by Dorie Greenspan
Contributing Baker: Nick Malgieri
The book states that amaretti means "little bitter things", due to the use of sweet and bitter almonds in the dough; and that bitter almonds cannot be imported into the United States*.
These not so little cookies of mine, are made from only a few ingredients; four to be exact, and one of them being optional: almond paste, sugar, egg whites, and pine nuts (I used sliced almonds).
The almond paste is mixed with the sugar in two increments until the paste turns into very fine crumbs; next, the egg whites are mixed in. Bam! Done. How easy is that?!! So easy, it felt as though something was missing.
The dough is transferred to a pastry bag and small mounds are placed on a baking sheet that has been lined with parchment, about one and a half inches apart. I obviously made mine too large, for I only yielded a baker's dozen, as where the recipe states it makes about three dozen! Oops.
Before baking, the cookies are dabbed with a wet towel to remove the points and ridges made from the pipping tip; this also helps produce the crinkly top. If using the optional nuts, they are applied at this time. I topped a third of my cookies with almonds, another third with powdered sugar, and left the last plain.
They are baked in a 325° oven for about twenty minutes.
The cookies did stick to the parchment, as noted in the book that this could happen. I have a very thin metal spatula that I used to remove them - it worked OK. It is recommended to wet the underside of the parchment, using a pastry brush with hot water, and allowed to sit for a few seconds, until the cookies can be released. I started with this method, but when I lifted the parchment paper, the powdered sugar started falling off my cookies.
The cookies were wonderful the day they were made, but I liked them even more a day or two later. They became a little more crisp on the outside, with a wonderfully chewy center. They do become rather dry and too crispy, after day two.
Though I enjoyed them all, the powdered sugar ones were my favorite.
These were so easy, so sweet, and so dangerously good (not knowing just how dangerous they could be!)
*Of course I had to find out why bitter almonds were not allowed to be imported into the US as mentioned in the book. Did you know, that bitter almonds contain a naturally occurring toxic chemical, hydrogen cyanide? This chemical has serious side effects such as slowing of the nervous system, breathing problems, and death. According to WebMD, they advise not using bitter almond. Ah yeah...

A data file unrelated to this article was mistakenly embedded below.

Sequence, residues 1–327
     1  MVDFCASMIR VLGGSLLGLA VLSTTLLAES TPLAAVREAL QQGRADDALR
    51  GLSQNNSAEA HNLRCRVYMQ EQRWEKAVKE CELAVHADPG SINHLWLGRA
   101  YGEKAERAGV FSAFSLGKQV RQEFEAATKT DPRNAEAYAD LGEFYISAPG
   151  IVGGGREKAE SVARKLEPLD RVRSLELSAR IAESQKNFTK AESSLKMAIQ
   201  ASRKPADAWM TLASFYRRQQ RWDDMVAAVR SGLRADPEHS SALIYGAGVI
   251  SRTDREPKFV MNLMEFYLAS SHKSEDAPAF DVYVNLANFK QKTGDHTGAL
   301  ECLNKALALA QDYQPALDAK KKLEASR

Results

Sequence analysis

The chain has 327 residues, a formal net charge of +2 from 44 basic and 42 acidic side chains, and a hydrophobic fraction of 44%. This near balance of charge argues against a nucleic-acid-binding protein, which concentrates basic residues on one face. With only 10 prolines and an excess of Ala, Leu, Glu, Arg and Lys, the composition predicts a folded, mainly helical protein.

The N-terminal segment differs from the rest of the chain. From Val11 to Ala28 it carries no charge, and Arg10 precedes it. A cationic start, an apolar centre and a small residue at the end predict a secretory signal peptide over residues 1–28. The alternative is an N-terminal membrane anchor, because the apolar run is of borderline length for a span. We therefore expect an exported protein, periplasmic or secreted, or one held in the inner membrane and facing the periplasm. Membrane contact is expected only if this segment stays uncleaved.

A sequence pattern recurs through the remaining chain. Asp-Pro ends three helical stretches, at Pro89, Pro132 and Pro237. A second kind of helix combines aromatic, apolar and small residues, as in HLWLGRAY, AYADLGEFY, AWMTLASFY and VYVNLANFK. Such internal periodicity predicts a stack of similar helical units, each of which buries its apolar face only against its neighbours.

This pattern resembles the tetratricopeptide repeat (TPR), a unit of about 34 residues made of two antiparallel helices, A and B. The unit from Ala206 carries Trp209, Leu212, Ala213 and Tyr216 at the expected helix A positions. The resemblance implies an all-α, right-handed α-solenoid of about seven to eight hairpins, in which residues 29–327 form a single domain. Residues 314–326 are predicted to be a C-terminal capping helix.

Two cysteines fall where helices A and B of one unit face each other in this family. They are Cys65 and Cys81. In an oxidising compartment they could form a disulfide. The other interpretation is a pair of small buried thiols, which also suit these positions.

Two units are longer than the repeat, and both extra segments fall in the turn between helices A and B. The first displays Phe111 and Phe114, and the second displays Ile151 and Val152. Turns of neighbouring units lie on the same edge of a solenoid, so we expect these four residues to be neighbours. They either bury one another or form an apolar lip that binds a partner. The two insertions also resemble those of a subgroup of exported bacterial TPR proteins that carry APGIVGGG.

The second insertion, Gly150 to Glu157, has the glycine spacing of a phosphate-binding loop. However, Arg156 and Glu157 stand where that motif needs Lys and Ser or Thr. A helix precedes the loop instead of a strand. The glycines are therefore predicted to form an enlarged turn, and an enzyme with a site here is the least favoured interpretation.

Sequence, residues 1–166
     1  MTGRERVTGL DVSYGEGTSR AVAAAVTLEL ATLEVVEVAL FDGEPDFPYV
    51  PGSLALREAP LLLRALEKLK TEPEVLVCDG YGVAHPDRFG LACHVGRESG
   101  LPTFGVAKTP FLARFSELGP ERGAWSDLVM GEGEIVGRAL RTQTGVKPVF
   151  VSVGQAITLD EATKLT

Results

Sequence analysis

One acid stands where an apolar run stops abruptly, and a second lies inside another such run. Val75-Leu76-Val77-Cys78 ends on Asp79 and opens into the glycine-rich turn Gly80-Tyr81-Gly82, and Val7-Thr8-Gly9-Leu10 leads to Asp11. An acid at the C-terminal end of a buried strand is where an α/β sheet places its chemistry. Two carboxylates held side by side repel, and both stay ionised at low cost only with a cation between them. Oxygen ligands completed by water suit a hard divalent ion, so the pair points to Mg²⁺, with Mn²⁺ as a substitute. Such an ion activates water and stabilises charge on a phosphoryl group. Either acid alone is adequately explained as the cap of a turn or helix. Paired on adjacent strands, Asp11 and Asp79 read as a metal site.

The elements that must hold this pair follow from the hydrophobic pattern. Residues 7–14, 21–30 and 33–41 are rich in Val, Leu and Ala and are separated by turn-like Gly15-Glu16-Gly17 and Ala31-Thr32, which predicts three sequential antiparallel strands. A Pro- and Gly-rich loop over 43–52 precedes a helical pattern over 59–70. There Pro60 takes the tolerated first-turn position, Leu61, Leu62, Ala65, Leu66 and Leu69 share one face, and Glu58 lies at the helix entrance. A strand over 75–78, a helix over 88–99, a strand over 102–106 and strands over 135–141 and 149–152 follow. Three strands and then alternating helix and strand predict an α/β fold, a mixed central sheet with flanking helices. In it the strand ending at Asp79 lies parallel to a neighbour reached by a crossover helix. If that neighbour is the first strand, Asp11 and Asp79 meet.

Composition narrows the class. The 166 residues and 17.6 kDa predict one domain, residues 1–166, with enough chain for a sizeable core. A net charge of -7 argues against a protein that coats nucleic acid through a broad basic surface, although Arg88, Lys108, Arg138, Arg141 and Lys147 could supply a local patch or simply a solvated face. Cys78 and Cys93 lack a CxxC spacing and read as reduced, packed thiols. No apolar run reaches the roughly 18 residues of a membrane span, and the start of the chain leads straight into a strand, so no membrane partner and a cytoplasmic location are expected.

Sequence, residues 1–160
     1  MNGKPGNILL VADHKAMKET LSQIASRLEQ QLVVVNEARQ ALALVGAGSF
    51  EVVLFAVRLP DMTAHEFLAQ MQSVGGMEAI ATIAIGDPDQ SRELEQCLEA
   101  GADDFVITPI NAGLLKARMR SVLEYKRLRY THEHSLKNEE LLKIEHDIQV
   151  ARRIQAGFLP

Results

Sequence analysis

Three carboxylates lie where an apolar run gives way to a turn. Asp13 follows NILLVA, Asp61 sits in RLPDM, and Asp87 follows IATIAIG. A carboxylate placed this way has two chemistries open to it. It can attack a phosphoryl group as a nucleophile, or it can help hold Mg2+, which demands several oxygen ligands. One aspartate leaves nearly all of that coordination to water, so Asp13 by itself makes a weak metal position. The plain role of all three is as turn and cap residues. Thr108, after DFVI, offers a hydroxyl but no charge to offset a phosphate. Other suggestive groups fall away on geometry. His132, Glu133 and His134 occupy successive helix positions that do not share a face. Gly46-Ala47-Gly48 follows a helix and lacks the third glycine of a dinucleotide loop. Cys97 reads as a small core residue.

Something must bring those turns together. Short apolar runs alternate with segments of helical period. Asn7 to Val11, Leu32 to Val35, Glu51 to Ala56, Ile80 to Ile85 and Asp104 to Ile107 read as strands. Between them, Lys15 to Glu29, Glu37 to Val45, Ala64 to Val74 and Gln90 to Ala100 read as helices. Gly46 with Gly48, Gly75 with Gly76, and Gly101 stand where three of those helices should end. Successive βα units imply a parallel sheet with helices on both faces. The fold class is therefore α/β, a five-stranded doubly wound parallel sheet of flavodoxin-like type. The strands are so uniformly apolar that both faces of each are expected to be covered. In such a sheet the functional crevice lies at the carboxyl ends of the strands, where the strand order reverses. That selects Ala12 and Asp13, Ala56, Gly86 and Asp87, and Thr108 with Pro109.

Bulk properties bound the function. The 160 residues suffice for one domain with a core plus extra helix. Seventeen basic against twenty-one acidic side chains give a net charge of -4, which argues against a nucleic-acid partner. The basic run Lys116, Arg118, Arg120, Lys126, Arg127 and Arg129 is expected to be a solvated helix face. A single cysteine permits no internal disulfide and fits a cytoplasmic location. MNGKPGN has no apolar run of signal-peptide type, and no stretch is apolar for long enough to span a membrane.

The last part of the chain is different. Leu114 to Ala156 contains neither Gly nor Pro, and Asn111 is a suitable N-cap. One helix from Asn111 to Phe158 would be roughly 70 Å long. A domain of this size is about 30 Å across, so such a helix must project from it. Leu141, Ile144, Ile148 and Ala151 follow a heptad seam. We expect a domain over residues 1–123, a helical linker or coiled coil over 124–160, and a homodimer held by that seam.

In my research, I ran across this current recall from Whole Foods for said almonds, imported from Italy and Spain??? Hmmm - maybe import restrictions have eased since 1996 - when this book was printed.
Do head over to the TWD website by clicking here to see the results of my fellow bakers.
Makes about 3 dozen cookies
8 ounce can almond paste (avoid paste in tubes – it has too much sugar and will not give you a superior consistancy.)
¾ cups sugar
2 large egg whites, beaten slightly
¼ pound pine nuts (optional)
Preheat oven to 325°F. Line two baking sheets with parchment paper and set aside.
Put the almond paste into ½-inch cubes and toss into the bowl of a mixer fitted with the paddle attachment. Add half the sugar and mix on low speed until the paste is broken into small crumbs. Add the rest of the sugar and continue to mix until the crumbs are very fine, about 2 minutes. Add the egg whites in three to four additions, scraping down the bowl when the mixture starts to stick to the bottom and beating until the batter is free of lumps. You don’t want to beat a lot of air into this mixture, because it will cause the amaretti to rise in the oven and then fall – what you want is a nice, even puff that persists.
Place the dough into a pastry bag fitted with a ¾-inch plain tip and pipe the dough into mounds, about 1¼ inches in diameter and about ½-inch high. Leave about 1½ inches between each cookie. Alternatively, you can use a small ice-cream scoop – about two tablespoons in size.
Wet a kitchen towel (not terry cloth) and squeeze out the excess water; don’t wring it out, you want it to be more wet than dry. Fold the towel into a strip about two-inches wide and, holding one end of the towel in each hand and letting the center droop, gently dab the tops of the cookies with the center of the towel several times, until the tops are smooth, slightly flattened, and glistening. (Wetting the tops removes the ridges formed from the piping bag, and helps produce a crackly top). If you are using the pine nuts, press them gently on top of each cookie.
Bake the amaretti until they are well risen, lightly colored, and covered with fine cracks, 15-20 minutes. Transfer the cookies, parchment paper and all, to a rack and cool completely.
If you are unable to remove the cookies from the parchment, lift the paper, brush the underside with a little hot water, and give it a few seconds to seep in, then peel off the cookie.
Store in an airtight tin or plastic container for a few days.
Baking with Julia | Dorie Greenspan | Nick Malgieri